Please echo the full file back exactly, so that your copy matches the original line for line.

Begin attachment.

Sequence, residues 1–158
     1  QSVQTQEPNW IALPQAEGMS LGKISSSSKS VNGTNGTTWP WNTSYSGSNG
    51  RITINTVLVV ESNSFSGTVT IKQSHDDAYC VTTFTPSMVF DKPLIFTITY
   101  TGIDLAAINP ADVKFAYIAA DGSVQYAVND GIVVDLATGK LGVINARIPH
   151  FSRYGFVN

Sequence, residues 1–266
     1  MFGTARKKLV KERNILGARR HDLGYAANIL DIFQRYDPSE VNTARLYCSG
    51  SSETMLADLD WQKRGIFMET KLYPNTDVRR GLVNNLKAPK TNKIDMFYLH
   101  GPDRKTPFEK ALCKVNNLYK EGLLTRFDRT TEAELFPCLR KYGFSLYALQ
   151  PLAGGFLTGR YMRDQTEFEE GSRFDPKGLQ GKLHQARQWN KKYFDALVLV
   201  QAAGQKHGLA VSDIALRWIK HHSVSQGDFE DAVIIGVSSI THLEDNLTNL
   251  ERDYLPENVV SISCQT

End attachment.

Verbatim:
Sequence, residues 1–158
     1  QSVQTQEPNW IALPQAEGMS LGKISSSSKS VNGTNGTTWP WNTSYSGSNG
    51  RITINTVLVV ESNSFSGTVT IKQSHDDAYC VTTFTPSMVF DKPLIFTITY
   101  TGIDLAAINP ADVKFAYIAA DGSVQYAVND GIVVDLATGK LGVINARIPH
   151  FSRYGFVN

Sequence, residues 1–266
     1  MFGTARKKLV KERNILGARR HDLGYAANIL DIFQRYDPSE VNTARLYCSG
    51  SSETMLADLD WQKRGIFMET KLYPNTDVRR GLVNNLKAPK TNKIDMFYLH
   101  GPDRKTPFEK ALCKVNNLYK EGLLTRFDRT TEAELFPCLR KYGFSLYALQ
   151  PLAGGFLTGR YMRDQTEFEE GSRFDPKGLQ GKLHQARQWN KKYFDALVLV
   201  QAAGQKHGLA VSDIALRWIK HHSVSQGDFE DAVIIGVSSI THLEDNLTNL
   251  ERDYLPENVV SISCQT